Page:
The research that has been done speaks volumes about the benefits of CBD for epilepsy. One study of treatment-resistant epileptics showed significant improvement with CBD in 7/8 participants. Another study found an up to 80% reduction in seizure activity in children with treatment-resistant epilepsy. Studies are being done around the world to determine just how far-reaching these health benefits are.
It’s important to choose the best CBD oil for your dog. To be most effective, you want a high-quality CBD oil that works. Look for a product that:
- Is organic (to avoid pesticides, fungicides or solvents)
- Is free of additives
- Comes with a certificate of analysis
- Has little or no THC in it
[Related] CBD oil isn’t just for seizures. Find out some other ways it can benefit your dog here.
Homeopathic Remedies For Seizures
Homeopathic treatment can be can be very effective for managing seizures in dogs.
A study done in 2007 tested a single remedy, Belladonna 200C, in ten dogs with idiopathic epilepsy. This means there’s no known cause. During the seizure phase, 3 to 4 drops of Belladonna were given at 15 minute intervals. Once the researchers saw a reduction in seizure activity, it was given four times daily.
Dogs with head shaking syndrome as well as seizures were also given Cocculus 6C. They got 3 to 4 drops weekly for an additional three months.
In this study, the numbers of fits reduced to just two or three during the first two weeks of the study. After that, they only happened occasionally.
With the dogs that kept getting Belladonna, there were no fits during the two to seven months of follow-up. In two cases, epileptic fits reappeared within 15 to 25 days after stopping the remedy. When the Belladonna was resumed, the seizures were again controlled.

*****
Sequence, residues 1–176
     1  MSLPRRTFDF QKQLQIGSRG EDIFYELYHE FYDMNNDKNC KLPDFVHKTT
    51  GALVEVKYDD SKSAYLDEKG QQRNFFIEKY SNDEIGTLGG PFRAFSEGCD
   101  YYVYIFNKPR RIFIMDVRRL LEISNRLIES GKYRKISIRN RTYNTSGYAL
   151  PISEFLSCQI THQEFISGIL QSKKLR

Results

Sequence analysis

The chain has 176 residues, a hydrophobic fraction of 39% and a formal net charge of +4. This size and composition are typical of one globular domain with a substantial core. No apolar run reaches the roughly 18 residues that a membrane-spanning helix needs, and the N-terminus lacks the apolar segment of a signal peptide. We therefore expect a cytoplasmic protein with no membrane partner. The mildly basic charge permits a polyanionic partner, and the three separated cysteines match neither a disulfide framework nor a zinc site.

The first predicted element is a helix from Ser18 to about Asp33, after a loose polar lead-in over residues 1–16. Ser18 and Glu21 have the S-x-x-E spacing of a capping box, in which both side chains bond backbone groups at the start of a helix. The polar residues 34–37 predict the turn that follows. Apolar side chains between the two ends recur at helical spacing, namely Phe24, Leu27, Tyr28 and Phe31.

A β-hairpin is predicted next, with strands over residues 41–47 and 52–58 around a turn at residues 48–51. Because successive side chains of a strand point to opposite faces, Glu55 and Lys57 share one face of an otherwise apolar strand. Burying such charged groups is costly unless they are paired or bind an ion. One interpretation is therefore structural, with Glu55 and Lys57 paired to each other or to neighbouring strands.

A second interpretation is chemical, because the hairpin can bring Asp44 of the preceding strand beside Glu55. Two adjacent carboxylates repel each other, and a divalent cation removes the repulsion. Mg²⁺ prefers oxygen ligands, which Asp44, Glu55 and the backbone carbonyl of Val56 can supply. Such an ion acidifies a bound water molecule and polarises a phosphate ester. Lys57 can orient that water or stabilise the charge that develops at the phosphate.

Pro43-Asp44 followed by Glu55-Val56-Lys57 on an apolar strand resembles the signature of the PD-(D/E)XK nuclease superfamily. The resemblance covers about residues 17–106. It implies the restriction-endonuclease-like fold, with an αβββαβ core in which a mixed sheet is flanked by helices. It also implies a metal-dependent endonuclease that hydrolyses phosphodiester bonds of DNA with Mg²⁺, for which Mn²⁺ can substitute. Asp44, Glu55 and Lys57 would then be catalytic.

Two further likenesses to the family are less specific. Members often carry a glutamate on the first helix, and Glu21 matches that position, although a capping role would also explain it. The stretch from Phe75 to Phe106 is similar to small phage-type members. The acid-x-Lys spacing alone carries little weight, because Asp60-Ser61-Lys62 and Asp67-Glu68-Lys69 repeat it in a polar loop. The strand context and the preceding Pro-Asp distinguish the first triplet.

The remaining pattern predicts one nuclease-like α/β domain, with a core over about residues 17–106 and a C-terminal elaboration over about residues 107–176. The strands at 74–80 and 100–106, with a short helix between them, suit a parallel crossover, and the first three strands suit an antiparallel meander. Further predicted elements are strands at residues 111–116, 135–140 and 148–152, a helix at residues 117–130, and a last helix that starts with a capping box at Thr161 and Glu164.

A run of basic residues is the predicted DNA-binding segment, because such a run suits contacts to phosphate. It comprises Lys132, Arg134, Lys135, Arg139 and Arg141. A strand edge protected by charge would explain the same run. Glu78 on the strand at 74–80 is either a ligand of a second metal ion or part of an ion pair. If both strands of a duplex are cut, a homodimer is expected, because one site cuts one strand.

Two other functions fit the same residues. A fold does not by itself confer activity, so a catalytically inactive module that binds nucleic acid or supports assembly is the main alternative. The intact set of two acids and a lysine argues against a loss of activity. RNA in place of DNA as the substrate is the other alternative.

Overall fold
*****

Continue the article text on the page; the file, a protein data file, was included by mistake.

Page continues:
This success was seen with just one or two remedies. There are also other remedies that can help reduce seizure activity in your dog.
Useful for both attendant and patient! The sudden onset fits the picture, and fear is sometimes seen just prior to the fit.
Another remedy where suddenness is a feature, together with the violence of the convulsions. There is great sensitivity during the fit, and the slightest external stimulus will keep it going. The attack usually involves a single fit rather than a cluster. As it is the acute of Calc carb, it is often of use where that is the indicated constitutional remedy.
- Bufo rana
This has the reputation of the keynote of fits occurring during sleep. In actual fact, the link is to night and sleep combined. The other feature is worse in a warm room. There is often a howl at the start of the fit.
- Cicuta virosa
A distinctive feature here is that during the spasms, the head is thrown back and to the side, so that the muzzle rests on the shoulder blade facing towards the tail.
Related to Belladonna and Stramonium, this is also an excellent “local” remedy. Its picture is characterized by excessive movements of the face, both prior to a fit and at other times.
- Kali brom
As Potassium bromide this is used as a conventional anti-convulsant and it is also employed as a homeopathic remedy. The timing of the fits is often linked to estrus, and there is marked excitement before they start.
- Silica, having both convulsions and “ailments from vaccination” in its picture, is extremely useful when seizures are vaccine induced.
NOTE: Don’t try giving these remedies to your dog – discuss these remedy choices with your homeopathic vet before treating your dog. If you don’t have a homeopathic vet, you can find a great homeopathic vet here who is close to you or is willing to guide you with phone consults.
Epilepsy and seizures in dogs are typically the result of chronic, long-standing disease and this makes the choice of remedy difficult. Consult with your homeopathic vet to find the proper constitutional remedy for your dog, one that matches your dog’s unique personality, emotions and physical symptoms.
Unlike conventional medicines, homeopathy won’t contribute to your dog’s toxin buildup, and this gives him the very best chance of saying goodbye to seizures forever.